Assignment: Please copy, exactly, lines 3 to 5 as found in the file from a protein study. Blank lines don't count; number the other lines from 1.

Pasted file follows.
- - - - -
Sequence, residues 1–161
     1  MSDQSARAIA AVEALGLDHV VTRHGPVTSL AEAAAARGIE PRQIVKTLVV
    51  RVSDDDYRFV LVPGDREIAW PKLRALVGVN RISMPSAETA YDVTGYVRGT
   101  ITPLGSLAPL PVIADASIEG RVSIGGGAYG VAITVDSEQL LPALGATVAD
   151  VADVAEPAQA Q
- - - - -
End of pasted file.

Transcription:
    51  RVSDDDYRFV LVPGDREIAW PKLRALVGVN RISMPSAETA YDVTGYVRGT
   101  ITPLGSLAPL PVIADASIEG RVSIGGGAYG VAITVDSEQL LPALGATVAD
   151  VADVAEPAQA Q